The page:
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 By Bernd Trutenau, 4 February 2002

lithuanc_thmAt a time when international broadcasters are considerably reducing their services or are closing them down, Lithuania decided to strengthen its voice on the air. Since the upgrading of Lithuania's shortwave site, Radio Vilnius can be heard with a good signal all across the Western hemisphere, and the shortwave relay facilities in the country have became a subject of interest for other broadcasters as well.


Head of the Sitkunai transmitting station, Jonas Stanionis (right) and chief engineer Petras Leskevicius in front of the new 100kW SW transmitter.

On 1 April 1999, a new 100kW shortwave transmitter was taken into service in the Lithuanian transmitting centre Sitkunai, some 20km north of Kaunas, Lithuania's second largest town.

Sitkunai (geogr. coordinates: 23E49/55N02) is the main transmitting centre in Lithuania. It is owned by Lietuvos radijas ir televizijas centras (LRTC), a subsidary of Lithuanian Telecom (Lietuvos Telekomas). The complex houses two shortwave as well as several high power mediumwave transmitters. A detailed map of the transmitting site can be found at this URL.

Sitkunai - A short history
The year 1918 marked the beginning of the first period of independence for Lithuania from the Tsarist Russian Empire. Eight years later on 12 June 1926, Kauno radiofonas, the first national Lithuanian radio station, went on the air. The low power longwave transmitter (on 153/155 kHz) in the centre of the capital Kaunas (today's capital Vilnius was under Polish administration in those years) did not cover the country sufficiently though. In 1937 the decision was made to build a new transmitting centre near the village of Sitkunai, north of Kaunas.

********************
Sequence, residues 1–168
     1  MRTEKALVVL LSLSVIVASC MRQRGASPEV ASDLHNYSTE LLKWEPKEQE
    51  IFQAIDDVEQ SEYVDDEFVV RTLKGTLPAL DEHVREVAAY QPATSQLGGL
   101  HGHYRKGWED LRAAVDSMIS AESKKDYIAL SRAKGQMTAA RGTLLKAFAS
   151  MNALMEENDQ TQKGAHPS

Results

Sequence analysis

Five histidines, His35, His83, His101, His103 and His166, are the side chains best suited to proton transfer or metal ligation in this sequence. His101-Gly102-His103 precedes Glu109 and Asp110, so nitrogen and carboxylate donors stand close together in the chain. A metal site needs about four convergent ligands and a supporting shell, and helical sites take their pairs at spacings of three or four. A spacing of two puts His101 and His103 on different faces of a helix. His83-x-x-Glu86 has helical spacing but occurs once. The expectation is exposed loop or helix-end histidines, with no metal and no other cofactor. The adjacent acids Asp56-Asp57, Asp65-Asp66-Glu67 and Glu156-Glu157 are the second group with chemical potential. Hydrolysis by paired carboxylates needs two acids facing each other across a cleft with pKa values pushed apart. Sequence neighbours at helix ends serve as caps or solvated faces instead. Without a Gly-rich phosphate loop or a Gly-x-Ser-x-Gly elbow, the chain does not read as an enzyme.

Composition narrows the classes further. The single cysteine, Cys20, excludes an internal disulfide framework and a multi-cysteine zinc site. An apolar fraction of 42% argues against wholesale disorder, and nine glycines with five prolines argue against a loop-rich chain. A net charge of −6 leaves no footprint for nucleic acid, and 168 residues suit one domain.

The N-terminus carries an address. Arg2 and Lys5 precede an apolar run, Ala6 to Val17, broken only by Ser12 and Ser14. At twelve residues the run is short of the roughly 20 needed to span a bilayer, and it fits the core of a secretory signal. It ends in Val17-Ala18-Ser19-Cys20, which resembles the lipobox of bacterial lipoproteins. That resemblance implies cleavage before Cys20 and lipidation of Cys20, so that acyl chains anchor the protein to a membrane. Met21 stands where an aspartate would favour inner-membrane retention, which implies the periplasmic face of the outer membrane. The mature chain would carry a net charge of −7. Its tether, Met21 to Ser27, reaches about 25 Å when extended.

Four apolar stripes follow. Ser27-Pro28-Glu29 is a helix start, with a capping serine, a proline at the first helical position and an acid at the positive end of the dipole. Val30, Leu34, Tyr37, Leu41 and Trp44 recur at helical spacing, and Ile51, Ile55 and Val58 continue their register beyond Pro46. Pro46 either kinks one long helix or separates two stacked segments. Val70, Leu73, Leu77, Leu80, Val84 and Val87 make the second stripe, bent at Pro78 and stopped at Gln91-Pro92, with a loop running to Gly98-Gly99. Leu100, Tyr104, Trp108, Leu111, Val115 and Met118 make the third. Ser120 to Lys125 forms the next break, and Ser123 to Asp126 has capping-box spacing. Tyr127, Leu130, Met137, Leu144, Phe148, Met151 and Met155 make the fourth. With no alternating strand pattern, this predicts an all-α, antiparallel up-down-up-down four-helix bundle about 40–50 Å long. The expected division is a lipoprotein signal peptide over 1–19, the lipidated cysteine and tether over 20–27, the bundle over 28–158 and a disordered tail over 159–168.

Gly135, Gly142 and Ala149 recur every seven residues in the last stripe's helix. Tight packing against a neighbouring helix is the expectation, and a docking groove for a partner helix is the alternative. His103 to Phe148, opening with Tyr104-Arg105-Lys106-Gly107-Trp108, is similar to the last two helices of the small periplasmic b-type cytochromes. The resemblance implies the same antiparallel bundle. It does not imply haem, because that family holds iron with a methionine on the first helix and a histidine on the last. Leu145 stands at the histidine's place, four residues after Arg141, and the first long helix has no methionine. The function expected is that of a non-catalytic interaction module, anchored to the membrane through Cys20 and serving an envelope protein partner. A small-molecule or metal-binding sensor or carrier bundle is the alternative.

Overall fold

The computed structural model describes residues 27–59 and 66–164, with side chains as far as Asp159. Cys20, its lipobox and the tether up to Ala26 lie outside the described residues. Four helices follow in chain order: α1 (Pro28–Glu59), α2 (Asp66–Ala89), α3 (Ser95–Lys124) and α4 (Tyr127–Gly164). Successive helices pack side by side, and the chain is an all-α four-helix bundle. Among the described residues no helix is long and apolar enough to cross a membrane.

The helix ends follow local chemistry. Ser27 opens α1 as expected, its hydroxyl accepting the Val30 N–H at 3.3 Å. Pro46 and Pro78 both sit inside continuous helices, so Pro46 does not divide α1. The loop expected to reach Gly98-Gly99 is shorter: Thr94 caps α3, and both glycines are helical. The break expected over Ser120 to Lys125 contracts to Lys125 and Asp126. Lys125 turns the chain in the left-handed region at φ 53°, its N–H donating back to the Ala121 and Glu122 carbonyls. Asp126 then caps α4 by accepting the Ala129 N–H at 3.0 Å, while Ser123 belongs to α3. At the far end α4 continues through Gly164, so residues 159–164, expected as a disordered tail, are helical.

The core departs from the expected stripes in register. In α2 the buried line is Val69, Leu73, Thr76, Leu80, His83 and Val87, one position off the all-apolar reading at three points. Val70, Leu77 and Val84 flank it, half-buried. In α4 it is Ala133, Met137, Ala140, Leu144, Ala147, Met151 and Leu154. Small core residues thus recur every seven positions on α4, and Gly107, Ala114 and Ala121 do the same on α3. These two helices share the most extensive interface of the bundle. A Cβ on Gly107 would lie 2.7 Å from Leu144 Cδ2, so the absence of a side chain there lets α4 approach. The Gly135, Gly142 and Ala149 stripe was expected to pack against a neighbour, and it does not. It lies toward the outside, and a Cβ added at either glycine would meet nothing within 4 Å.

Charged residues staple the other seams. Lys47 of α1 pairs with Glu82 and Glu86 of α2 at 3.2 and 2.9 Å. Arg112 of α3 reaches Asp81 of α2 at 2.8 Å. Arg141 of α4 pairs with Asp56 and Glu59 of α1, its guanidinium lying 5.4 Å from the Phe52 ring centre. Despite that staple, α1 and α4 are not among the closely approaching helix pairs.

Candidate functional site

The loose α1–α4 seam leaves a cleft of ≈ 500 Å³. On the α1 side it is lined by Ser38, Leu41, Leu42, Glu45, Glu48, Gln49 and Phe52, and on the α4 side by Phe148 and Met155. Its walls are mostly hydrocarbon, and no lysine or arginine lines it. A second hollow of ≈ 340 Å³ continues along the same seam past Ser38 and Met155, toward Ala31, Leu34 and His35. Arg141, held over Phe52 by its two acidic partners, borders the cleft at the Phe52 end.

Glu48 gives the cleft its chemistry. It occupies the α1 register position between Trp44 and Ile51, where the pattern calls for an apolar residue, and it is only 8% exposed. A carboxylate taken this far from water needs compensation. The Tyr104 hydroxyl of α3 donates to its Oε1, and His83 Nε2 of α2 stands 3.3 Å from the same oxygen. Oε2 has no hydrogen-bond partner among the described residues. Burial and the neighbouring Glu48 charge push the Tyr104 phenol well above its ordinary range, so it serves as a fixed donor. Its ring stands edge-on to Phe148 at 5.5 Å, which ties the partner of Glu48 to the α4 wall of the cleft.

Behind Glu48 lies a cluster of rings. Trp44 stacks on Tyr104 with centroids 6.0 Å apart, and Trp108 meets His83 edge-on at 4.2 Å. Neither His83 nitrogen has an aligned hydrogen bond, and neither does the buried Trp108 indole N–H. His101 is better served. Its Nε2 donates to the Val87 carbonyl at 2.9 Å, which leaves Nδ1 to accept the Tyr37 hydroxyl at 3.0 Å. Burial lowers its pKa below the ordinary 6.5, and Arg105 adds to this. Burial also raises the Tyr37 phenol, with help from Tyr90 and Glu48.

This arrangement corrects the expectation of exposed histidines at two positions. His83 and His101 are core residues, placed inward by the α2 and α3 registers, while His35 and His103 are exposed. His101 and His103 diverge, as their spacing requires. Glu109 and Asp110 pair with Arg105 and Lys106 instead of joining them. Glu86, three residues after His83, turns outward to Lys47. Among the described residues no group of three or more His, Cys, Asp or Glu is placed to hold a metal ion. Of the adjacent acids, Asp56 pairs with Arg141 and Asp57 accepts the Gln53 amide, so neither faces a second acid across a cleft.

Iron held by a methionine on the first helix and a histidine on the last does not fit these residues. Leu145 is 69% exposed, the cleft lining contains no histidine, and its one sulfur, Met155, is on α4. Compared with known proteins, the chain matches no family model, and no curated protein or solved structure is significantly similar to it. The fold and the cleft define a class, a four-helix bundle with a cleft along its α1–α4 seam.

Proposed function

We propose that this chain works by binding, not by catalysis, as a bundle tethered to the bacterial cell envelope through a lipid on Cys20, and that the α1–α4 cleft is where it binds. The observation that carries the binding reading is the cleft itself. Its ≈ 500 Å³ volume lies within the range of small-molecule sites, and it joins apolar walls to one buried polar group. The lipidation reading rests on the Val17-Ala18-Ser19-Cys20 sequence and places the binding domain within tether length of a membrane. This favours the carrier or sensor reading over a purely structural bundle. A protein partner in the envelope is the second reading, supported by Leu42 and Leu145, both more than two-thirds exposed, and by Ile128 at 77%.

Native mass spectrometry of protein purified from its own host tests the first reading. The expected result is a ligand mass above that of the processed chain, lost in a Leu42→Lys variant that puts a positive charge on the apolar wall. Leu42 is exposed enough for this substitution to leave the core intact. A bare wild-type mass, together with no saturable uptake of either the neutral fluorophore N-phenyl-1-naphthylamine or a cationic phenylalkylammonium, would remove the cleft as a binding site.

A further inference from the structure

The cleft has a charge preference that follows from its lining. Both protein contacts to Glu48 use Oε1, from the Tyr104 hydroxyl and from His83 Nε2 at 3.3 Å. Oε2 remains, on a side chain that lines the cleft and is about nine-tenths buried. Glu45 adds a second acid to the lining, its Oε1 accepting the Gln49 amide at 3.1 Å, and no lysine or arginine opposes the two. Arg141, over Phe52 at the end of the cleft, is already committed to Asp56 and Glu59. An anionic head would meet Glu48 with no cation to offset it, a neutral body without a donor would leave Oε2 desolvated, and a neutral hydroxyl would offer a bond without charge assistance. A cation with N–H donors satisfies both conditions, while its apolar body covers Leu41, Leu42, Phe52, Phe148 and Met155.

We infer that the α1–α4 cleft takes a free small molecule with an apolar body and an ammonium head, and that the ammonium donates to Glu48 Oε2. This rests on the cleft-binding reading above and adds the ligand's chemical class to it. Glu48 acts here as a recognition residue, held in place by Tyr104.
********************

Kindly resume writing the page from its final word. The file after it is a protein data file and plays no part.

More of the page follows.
The building works started in 1939, and after completion, a 120kW mediumwave transmitter from Standard Telephone & Cables (STC) in the UK was ordered. However, the outbreak of the Second World War stopped the shipment, and the transmitter stayed in Britain. It was installed at Brookmans Park, boosted to 140 kW, and went on the air on 2 March 1941 as part of a synchronized network on 804 kHz where it transmitted the BBC's European Programme for many years.


View of the main transmitter hall: (from left) the old 50kW shortwave transmitter from 1952, the new 100kW shortwave transmitter from Continental Electronics, and the 500kW Vikhr mediumwave transmitter (666 kHz).

The empty transmitter buildings in Sitkunai survived the war with almost no damage (only the power house was destroyed) and were used as military compound by the German occupation army in 1941-44, and later when Lithuania was incorporated into the Soviet Union, as a primary school.